Charlie Ryan and the Timberline Riders

Charlie Ryan is remembered for one hit that he wrote and recorded in the 50's. It was covered by another group and went into the top ten in early 70's.

Charles Ryan was born in Graceville, Minnesota in 1915 and grew up in Polson, Montana. He had an interest in cars, and in writing and recording music. He served in the U.S. Army during World War II and by the age of 30 had made a permanent home for himself in Spokane, Washington.

Following the war Ryan found work as a musician and songwriter, and he liked to tinker with automobiles. He toured with performers such as Johnny Horton and Jim Reeves. Ryan acquired a used '41 Lincoln Zephyr and set to work on it, replacing the body with a Ford Model A and adding a V12 engine under the hood. Ryan made other adjustments, including a three-speed manual transmission (with overdrive, of course) and a custom wheelbase. He painted it black except for the wheels, which he painted red, and eventually, he had his own custom made hot rod. And while working on it, he wrote a song about his his pride-and-joy.

In 1955 he recorded the song, Hot Rod Lincoln, on Souvenir Records, calling himself Charley Ryan and the Livingston Brothers (note the spelling of "Charley"). It met with little success but Ryan did not give up on it. In 1959 he re-recorded Hot Rod Lincoln on the 4 Star label, released this time as by Charlie Ryan and the Timberline Riders. In August, 1960 it went into the top forty nationally, where it remained for a scant four weeks, peaking at #33. Johnny Bond's cover version joined it in the top forty a mere two weeks later. Others have recorded the song over the years, including Roger Miller and Asleep at the Wheel. Former University of Michigan student George Frayne put another version in the top ten in 1972, with his group Commander Cody and His Lost Planet Airmen.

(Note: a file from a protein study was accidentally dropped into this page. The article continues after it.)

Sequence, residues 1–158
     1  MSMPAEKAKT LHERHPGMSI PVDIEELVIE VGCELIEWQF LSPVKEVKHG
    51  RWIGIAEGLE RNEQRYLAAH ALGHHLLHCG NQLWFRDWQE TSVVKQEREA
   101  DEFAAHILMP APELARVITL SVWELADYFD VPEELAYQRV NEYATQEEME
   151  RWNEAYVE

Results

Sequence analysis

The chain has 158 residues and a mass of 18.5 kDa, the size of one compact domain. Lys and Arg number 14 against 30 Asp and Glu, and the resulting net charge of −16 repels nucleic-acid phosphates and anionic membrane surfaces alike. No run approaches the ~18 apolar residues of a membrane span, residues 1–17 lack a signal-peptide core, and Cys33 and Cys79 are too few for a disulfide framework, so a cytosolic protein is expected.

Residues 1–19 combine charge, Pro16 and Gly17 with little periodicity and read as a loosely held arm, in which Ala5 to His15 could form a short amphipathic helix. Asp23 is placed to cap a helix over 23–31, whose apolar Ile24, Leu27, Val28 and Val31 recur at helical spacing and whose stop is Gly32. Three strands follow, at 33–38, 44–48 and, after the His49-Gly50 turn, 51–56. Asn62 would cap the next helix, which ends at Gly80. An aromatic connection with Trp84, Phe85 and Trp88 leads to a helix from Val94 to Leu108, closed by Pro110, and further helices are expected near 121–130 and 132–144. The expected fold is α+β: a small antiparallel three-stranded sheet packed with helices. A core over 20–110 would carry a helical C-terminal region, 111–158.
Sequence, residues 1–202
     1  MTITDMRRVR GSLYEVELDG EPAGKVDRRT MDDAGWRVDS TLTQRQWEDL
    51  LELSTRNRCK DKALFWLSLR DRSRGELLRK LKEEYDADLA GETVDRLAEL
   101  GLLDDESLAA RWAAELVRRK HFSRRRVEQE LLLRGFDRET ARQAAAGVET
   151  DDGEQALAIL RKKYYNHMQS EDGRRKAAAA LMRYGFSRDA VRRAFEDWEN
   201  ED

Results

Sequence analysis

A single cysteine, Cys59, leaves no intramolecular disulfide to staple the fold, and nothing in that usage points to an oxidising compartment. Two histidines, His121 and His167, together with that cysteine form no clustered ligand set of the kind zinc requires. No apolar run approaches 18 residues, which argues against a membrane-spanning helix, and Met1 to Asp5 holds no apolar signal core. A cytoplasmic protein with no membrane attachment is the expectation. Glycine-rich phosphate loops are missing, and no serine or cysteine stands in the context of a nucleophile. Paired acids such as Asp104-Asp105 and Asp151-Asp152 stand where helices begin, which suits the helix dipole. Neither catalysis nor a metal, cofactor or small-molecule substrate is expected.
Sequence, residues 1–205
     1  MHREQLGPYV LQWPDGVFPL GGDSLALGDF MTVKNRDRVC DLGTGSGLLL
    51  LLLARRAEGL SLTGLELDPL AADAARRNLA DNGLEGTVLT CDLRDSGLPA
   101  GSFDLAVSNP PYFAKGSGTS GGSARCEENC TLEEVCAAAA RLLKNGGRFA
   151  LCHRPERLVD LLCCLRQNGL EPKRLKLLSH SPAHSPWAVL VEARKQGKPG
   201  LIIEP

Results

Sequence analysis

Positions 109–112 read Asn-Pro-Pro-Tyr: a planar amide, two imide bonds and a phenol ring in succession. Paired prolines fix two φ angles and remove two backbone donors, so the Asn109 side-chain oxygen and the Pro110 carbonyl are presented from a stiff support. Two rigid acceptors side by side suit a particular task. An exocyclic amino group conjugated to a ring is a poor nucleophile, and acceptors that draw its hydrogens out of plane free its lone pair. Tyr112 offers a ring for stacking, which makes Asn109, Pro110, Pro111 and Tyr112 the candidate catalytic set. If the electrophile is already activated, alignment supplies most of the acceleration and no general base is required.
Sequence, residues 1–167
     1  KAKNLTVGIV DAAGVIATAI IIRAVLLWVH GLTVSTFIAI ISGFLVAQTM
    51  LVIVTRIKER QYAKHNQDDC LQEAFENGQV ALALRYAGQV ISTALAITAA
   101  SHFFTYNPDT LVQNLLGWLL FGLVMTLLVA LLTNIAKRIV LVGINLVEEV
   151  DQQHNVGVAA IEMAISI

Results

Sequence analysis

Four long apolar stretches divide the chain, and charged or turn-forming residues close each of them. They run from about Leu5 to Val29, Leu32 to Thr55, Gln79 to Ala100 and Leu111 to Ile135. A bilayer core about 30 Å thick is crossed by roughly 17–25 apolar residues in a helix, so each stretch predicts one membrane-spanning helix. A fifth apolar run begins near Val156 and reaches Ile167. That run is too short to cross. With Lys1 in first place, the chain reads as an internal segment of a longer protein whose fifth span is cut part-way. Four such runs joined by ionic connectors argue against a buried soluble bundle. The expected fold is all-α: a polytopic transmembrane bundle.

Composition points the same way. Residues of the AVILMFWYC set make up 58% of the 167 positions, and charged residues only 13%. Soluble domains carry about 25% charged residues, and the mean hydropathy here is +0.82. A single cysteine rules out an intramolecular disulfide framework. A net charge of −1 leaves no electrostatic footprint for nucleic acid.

Hot Rod Lincoln is a novelty song, with some snappy lyrics and winsome background music, and the record took its place in the annals of rockabilly. Some sources claim it was written in 1955, as a response to another song about a hot rod race, Arkie Shibley and the Mountain Dew Boys' appropriately named 1951 hit, Hot Rod Race. Others say Ryan began writing it in 1950, with W. S. Stevenson, before the other song was released. He recorded other songs, including Hot Rod Race, Side Car Cycle, Hot Rod Hades, and Hot Rod Rocket.

And what became of the original Hot Rod Lincoln -- the car itself? Charlie Ryan continued to tinker with it for more than fifty years, until his death at age 92 in Spokane in 2008. He entered it in car shows and used it for fundraisers. After he died his widow sold it, but the orginal Hot Rod Lincoln is still intact, and still runs and looks great. A short video can be viewed at

Ryan's only top forty song has endured, and he is well remembered for Hot Rod Lincoln.

Most Recent Update: September 1, 2014

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